MEDITATION (part 2)

Posted: December 30, 2012 in Integral Studies, Pedagogy & Education, Philosophical Debris

My first serious exposure to meditation came when I went to Tom Brown Jr’s Tracker School’s Philosophy 1 course in New Jersey.  It was an introduction to Shamanic meditation as practiced by the Apache Indians.  The course was in the middle of the school year, so it was necessary for me to apply for a leave of absence in order to attend.  To my surprise, not only did I get the leave of absence, but got it with pay and with an offer for the Board to subsidize my expenses.  The Superintendant of school at the time was a rather enlightened individual who had spent a few years in a Zen school in Japan and there therefore had a very positive attitude towards meditation.  He hoped that I would be able to apply what I learned in the classroom, -a hope that contrasted sharply with that prevalent  just a few years later when a few parents who felt that any sort of meditation was anti-Christian tried to block my use of it in the classroom.  Along with his approval he sent to me copies of several studies which originated from O.I.S.I.E. citing the importance of meditation and the development of an inner life in mental health and the development of self esteem.  The studies also examined the absence of suicidal thoughts and tendencies in adolescents who had that inner sense developed through meditation.  Unfortunately, I’ve been unable to locate references to these studies or I would include them here, but I definitely received and read them many years ago.

I have always thought that there are people who have a sense of introspection and others who have a blind spot when it comes to examining inwards.  Some people go through their lives without any sense of self examination or desire for self improvement.  Others understand introspection and strive for personal improvement.  This is particularly evident as a distinction in adolescents and teens.  It is often, but not always, associated with the jump from the pre-rational to the rational state.  I remember very clearly going through a “waking up” process at about age 15 which led to a long period of self discovery.  It eventually led to my passion for reading books about psychology.  Many of my friends at the time also made this leap to rationality, and it was usually accompanied by a sense of introspection.

On occasion, rationality and introspection do not go hand in hand.  In those cases you usually find one of two things.  Either the rationality devoid of introspection is a very cold form of rationality, calculating and non-empathic, often spilling over to rationalization, or you get the Peter Pan syndrome, where the rationality is trying to break through but is being denied and repressed.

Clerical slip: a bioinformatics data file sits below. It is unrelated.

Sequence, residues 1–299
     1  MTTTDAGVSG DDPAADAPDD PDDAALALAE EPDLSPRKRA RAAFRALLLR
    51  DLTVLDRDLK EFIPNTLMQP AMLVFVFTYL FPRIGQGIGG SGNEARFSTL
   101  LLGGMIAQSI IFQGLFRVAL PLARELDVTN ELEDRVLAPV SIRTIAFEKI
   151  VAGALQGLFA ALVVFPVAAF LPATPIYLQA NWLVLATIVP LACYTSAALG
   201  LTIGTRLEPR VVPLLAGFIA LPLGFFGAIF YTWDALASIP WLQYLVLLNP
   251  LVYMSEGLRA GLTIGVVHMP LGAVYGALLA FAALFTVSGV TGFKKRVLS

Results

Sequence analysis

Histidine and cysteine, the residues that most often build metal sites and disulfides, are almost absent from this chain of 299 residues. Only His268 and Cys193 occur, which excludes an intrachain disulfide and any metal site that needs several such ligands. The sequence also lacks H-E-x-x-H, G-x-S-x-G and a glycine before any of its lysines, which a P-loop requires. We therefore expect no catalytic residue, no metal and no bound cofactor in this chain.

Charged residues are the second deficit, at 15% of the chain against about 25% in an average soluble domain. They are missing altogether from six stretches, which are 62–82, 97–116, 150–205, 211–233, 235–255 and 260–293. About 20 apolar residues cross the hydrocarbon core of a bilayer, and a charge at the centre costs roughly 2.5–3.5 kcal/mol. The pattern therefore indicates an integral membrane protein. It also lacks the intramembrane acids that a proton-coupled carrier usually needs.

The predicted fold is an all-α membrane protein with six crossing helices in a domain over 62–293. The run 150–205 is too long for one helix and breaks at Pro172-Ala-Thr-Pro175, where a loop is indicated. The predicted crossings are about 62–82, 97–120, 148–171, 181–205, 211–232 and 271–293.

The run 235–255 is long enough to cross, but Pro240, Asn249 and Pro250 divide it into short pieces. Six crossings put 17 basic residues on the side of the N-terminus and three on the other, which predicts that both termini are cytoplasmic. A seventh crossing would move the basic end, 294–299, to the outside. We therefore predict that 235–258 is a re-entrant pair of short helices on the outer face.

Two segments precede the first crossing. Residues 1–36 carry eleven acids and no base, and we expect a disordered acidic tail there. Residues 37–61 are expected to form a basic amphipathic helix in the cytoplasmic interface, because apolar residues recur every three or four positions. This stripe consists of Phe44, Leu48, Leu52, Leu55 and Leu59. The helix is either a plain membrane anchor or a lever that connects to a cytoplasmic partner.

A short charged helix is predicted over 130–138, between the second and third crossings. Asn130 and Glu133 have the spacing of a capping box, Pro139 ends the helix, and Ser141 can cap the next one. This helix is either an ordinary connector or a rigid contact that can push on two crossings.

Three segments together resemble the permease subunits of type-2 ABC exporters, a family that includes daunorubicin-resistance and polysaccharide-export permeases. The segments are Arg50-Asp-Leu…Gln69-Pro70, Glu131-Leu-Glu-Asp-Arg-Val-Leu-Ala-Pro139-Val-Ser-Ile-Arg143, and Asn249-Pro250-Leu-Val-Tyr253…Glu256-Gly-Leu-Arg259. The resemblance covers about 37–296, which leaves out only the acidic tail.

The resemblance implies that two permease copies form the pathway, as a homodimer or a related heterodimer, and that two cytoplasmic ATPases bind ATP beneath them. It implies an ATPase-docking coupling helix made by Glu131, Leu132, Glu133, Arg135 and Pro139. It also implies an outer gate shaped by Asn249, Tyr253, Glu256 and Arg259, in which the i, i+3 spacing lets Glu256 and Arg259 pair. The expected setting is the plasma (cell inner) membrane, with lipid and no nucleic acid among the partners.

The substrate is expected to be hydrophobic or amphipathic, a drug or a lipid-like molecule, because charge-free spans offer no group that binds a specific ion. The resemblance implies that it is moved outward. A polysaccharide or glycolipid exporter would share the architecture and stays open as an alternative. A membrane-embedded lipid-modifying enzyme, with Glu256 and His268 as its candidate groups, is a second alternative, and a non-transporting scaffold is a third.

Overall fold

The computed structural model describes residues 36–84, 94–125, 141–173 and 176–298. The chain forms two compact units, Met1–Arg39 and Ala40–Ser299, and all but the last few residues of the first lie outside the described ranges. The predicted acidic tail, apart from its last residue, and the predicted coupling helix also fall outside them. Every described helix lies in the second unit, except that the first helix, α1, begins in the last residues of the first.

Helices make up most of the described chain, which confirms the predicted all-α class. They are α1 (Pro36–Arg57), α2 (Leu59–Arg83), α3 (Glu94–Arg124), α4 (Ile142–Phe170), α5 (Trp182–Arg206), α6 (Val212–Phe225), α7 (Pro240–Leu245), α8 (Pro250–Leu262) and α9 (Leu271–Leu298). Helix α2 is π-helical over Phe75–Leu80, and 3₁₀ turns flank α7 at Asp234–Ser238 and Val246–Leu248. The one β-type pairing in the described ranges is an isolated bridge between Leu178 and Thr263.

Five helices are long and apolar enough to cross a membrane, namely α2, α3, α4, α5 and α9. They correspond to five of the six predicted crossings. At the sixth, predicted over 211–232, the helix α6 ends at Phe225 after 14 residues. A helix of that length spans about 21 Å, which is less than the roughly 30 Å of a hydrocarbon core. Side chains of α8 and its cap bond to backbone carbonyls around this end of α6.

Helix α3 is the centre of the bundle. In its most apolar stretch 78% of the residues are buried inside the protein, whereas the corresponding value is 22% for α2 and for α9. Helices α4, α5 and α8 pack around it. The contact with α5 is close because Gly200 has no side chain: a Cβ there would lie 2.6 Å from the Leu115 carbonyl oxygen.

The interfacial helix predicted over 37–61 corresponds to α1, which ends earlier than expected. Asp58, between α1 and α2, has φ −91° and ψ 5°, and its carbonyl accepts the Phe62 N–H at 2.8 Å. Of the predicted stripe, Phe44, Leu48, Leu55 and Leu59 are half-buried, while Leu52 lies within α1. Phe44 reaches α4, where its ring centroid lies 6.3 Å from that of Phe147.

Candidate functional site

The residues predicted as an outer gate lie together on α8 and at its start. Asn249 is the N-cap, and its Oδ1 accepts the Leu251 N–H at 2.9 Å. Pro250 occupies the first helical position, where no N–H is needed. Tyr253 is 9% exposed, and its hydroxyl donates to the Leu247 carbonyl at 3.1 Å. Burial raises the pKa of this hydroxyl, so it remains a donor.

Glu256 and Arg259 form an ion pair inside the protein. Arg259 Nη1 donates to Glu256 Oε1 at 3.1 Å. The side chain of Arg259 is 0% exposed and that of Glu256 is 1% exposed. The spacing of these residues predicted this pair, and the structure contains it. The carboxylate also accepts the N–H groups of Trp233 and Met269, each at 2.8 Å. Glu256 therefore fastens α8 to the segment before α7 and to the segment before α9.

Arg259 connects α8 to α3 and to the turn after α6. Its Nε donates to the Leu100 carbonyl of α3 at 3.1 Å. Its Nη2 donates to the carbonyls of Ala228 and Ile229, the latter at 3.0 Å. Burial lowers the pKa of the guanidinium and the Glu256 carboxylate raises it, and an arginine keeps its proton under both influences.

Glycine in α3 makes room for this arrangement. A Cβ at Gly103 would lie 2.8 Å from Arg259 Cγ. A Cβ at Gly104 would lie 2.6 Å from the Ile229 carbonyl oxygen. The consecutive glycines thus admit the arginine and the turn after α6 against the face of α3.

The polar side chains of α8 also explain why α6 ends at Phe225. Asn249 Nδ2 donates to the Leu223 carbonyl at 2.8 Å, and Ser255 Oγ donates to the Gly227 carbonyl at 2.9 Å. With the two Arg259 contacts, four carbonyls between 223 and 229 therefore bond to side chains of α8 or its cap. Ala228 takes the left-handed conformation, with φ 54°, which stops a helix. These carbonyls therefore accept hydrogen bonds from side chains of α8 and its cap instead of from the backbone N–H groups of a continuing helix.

Those adolescents suffering from Peter Pan syndrome, where rationality is attempting to emerge but is meeting resistance from an individual who does not want to face the consequences of maturity, can’t afford too much introspection.  As one boy tweeted recently, “Thinking ruins everything.”  Introspection becomes uncomfortable because it triggers emerging rationality, which is exactly what a person in this situation doesn’t want.  Or it triggers those feedback loops of rationalization which are really just emotional.

Meditation, on the other hand, is perhaps the best way to encourage introspection.  It involves exclusive direction of attention inwards, not particularly in a rational manner.  As a result it can create a measure of introspection and a development of inward awareness without necessarily triggering rational thought.  It can be used by pre-rational individuals, whether they be children, teens or even adults, to create an inner world and attention that later can be more comfortable co-inhabited by rationality. Or it can be a way for those in the Peter Pan situation to face introspection without the threat of rationality.  It should be noted, however, that the Peter Pan individuals will still be resistant to meditation if starting it at this juncture of their lives because they “just won’t see the point”.  It will be lumped in with the other forms of anti-rational rebellion that often includes education, reading and a common sense attitude to things like drugs and alcohol.  It is, however, worth a try, especially if it can be engaged before this rebellious nature gets a strong foothold.

In general, when successfully engaged, meditation is the perfect vehicle for encouraging the development of an inward attention and sense of introspection.  These qualities have been shown to be a positive influence in developing self esteem and rational thought most of the time.  On the occasions where this introspection is coupled with depression and self consciousness it is often because the other balancing and grounding elements of meditation have not been activated by meditation.  These are the non-rational components and benefits of meditation that have to do with harmony and internal stability.  Meditation makes room for rational introspection, but that’s not what it’s about.  In fact it can do a lot to prevent over-rationalization.  It is as much about the clutter that it subtracts from the mind as it is about the room it makes for rational, conscious thought.

Advertisements

Leave a Reply

Fill in your details below or click an icon to log in:

WordPress.com Logo

You are commenting using your WordPress.com account. Log Out / Change )

Twitter picture

You are commenting using your Twitter account. Log Out / Change )

Facebook photo

You are commenting using your Facebook account. Log Out / Change )

Google+ photo

You are commenting using your Google+ account. Log Out / Change )

Connecting to %s